- Does Google really treat a subdomain as a separate domain?
- Answer: Yes, since it technically is a separate domain, Google does treat it as a separate domain.
- If yes, how do you explain my above experiences and the reason we use high PR web2.0 sites for our backlink sources?
- Answer: Sites do not have PR. PageRank is assigned to individual pages, not sites. The domain has absolutely nothing to do with ranking, save the keywords that may be included in the URL.
- The reason People use Web2.0 sites is:
- They are free.
- You can often include your keyword in the domain so that it is included in all your URLs.
- You may receive traffic and/or links by participating in a community website.
- If no, is it advisable NOT to use a subdomain (or subfolder) for any new site (e.g. for a department of a company) which you would like to rank as risk hedge?
- Answer: Except for the reasons stated above, the domain plays no role in ranking, each web page is ranked individually based on the content on the page, and how the page appears in the web of pages that are included (regardless of domain).
Google is smart enough to know if a subdomain is part of a website. That doesn’t change the fact that Google does not index, nor rank, websites, they index and rank individual web pages. Understanding this fundamental concept is crucial to understanding how Google’s search indexing is ranked.
The site: operator is simply a filter, it isn’t part of SERP ranking. The fact that all subdomains of a particular domain are not filtered doesn’t mean that they are part of the same website. It just means they share a common root domain that the site: operator did not filter.
For example, if you search the term “marketing strategies” you will see that the top-ranked page is en.wikipedia.org/wiki/Marketing_strategy, that page happens to be on the en.wikipedia.org website, but Google doesn’t return that “website” in the SERP it returns the specific web “page”. The indexing is of individual pages not of websites. That is why Google is a “search engine”, and not a website directory.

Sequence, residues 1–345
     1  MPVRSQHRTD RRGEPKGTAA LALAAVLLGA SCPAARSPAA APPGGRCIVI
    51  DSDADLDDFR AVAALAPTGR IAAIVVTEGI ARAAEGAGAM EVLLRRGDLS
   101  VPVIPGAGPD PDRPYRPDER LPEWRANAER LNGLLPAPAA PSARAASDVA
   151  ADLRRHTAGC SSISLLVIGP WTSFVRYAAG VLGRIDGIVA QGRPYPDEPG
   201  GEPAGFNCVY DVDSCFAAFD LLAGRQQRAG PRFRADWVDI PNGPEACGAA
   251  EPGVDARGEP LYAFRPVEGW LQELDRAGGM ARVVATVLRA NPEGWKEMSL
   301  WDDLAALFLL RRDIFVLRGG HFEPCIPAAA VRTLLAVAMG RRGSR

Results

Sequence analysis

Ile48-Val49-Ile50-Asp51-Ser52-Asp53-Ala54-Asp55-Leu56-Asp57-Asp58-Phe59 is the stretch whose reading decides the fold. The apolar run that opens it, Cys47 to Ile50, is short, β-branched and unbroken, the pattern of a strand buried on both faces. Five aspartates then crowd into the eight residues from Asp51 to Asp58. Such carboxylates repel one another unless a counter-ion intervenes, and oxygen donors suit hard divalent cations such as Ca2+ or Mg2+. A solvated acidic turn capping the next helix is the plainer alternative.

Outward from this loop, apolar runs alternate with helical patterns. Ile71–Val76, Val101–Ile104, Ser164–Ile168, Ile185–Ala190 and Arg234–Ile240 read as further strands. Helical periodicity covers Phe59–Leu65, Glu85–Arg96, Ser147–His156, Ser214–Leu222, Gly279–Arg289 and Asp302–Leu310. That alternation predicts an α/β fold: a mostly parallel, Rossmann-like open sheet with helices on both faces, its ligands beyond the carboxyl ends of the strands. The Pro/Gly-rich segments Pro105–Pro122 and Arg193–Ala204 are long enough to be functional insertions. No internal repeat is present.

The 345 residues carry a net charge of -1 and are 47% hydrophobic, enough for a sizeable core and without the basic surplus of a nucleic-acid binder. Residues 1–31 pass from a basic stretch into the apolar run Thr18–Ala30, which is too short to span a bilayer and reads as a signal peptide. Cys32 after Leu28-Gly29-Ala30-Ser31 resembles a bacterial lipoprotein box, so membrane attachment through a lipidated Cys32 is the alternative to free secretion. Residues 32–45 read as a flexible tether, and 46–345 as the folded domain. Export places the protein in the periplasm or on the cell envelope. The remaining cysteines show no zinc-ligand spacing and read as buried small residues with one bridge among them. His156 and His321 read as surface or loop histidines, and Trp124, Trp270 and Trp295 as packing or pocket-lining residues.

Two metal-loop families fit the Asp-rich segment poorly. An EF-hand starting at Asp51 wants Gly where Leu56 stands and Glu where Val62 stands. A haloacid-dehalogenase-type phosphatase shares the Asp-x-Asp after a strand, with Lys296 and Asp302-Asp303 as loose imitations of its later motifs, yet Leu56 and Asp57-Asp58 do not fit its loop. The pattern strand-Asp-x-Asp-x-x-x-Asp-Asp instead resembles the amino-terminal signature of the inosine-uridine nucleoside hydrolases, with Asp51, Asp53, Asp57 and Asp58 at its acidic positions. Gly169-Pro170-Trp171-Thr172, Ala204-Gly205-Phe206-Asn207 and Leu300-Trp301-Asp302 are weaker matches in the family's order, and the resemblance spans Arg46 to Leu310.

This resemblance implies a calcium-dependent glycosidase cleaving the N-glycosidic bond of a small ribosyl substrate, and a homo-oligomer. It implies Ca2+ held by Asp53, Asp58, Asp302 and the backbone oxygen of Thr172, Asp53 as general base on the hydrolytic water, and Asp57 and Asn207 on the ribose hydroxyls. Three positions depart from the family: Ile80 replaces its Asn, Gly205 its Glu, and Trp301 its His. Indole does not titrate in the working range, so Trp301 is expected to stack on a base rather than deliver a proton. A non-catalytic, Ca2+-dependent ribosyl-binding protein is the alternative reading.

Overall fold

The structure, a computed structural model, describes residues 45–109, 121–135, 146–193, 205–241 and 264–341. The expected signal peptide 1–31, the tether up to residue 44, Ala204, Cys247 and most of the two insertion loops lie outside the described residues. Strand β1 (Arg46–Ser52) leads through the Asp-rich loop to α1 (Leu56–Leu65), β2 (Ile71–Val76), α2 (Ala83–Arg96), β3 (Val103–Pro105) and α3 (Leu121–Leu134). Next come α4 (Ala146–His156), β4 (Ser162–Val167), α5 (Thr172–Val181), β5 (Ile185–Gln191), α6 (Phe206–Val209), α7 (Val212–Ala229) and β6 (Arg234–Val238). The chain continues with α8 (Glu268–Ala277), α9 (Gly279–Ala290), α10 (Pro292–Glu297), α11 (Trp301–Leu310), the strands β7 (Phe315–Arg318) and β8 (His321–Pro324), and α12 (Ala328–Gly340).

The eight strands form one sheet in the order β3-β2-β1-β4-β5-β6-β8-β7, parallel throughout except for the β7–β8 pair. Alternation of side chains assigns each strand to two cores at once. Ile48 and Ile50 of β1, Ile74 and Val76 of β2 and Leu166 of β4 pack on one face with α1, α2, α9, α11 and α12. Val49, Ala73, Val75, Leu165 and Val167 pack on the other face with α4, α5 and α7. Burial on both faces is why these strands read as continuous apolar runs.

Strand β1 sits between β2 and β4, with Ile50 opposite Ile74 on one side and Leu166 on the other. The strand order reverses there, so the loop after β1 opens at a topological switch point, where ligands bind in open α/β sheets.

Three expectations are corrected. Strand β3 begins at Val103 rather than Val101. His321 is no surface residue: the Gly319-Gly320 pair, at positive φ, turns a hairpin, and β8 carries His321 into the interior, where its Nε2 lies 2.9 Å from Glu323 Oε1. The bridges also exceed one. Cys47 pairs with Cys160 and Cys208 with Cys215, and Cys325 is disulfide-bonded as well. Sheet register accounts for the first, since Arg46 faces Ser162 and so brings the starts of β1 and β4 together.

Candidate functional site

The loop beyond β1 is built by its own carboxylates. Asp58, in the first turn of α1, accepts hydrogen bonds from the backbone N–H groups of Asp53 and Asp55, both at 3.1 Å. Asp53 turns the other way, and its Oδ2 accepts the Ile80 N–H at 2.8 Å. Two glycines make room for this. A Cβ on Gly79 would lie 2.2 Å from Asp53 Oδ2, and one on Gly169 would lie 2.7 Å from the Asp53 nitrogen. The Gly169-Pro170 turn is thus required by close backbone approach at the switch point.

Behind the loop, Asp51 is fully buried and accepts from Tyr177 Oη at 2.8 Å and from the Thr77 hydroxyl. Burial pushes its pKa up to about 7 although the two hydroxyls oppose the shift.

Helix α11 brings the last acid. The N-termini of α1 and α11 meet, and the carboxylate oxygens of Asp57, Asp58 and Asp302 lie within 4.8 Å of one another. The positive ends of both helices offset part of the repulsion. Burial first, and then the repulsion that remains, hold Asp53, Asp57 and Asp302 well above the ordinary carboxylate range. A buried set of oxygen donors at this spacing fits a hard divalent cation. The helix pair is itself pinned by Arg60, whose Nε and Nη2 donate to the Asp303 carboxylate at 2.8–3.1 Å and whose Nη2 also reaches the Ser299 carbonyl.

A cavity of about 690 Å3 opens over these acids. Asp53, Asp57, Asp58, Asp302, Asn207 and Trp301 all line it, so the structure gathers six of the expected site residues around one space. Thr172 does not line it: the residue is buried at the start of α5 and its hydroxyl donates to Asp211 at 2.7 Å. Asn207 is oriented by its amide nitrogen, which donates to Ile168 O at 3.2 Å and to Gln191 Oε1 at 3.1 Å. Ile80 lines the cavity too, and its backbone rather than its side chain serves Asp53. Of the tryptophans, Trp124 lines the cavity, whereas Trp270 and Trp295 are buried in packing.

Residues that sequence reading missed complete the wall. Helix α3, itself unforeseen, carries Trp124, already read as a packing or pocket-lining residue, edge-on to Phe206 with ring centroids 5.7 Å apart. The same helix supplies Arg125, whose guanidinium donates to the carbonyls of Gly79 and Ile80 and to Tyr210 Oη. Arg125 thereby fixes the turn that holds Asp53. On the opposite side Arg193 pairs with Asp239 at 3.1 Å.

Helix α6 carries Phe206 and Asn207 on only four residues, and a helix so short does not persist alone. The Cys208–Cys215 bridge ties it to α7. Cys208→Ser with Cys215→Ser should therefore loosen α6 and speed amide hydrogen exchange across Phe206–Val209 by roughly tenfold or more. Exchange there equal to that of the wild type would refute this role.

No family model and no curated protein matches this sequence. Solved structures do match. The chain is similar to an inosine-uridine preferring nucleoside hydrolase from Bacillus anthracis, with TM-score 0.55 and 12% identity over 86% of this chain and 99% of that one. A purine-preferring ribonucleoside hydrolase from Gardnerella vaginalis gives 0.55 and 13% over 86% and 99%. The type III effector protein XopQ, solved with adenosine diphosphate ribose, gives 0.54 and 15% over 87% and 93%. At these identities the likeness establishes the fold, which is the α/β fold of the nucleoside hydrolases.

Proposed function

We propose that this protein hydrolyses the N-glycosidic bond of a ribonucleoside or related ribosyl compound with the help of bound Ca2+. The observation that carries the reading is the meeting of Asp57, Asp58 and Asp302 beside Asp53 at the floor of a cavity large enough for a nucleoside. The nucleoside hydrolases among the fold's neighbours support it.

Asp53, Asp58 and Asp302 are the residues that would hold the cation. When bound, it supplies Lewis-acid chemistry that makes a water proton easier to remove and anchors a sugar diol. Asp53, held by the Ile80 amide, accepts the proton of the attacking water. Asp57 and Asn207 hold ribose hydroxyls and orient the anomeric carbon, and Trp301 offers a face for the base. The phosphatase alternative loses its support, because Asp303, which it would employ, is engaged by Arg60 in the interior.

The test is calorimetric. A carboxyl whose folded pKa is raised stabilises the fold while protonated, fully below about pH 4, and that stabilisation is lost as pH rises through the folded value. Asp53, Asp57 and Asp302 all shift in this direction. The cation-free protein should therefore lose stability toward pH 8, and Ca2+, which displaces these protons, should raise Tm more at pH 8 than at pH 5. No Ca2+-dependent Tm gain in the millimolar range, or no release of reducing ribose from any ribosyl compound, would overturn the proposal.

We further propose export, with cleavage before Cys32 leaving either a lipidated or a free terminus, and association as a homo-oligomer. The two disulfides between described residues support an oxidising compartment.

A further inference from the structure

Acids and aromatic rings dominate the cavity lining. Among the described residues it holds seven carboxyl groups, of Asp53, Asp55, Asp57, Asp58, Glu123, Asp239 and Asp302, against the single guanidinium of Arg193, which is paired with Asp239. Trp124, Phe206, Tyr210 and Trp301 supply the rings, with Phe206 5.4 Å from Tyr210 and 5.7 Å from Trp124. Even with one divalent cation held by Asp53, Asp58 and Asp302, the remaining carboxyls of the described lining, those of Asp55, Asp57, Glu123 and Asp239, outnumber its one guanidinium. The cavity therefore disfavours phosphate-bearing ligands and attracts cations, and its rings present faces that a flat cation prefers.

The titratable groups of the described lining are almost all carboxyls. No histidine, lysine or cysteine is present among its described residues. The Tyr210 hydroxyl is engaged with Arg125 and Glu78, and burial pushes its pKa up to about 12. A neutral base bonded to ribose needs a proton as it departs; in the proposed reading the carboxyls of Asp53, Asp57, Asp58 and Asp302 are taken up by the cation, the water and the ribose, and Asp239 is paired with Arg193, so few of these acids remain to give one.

To further illustrate my point, let’s use that site: operator to see what is returned when we use the following in Google’s search box:
site:.com marketing strategies
Please note that the Wikipedia page is no longer included in the search results, not because it isn’t relevant, and not because it doesn’t contain the same design, nor from lack of links, titles, or anchors. It is simply filtered from results because the site: operator is nothing but a simple filter.
For the same reason, all of those pages listed are certainly not part of the same site, even though we did use the site: operator. The site operator is just a filter for the SERP, not an indication of what Google considers to be a website. That simple observation proves this point, wouldn’t you agree?
I see subdomains in nearly every Google search. Www is a subdomain, as is en and many others. Perhaps you haven’t been paying attention? :confused:
For example, I just did a Google search for the term “blogging” and the SERP page included results for all of the following subdomains:
Try searching the term “punctuation” and you see first page results that include the following subdomains:
It appears that Google doesn’t “hate” subdomains, after all, perhaps it was some other reason that you had trouble ranking with your first subdomain?
From all of the research and testing I have done over the years, I have never seen an actual case where the proper use of a subdomain would harm SERP rankings, I believe that is just a myth.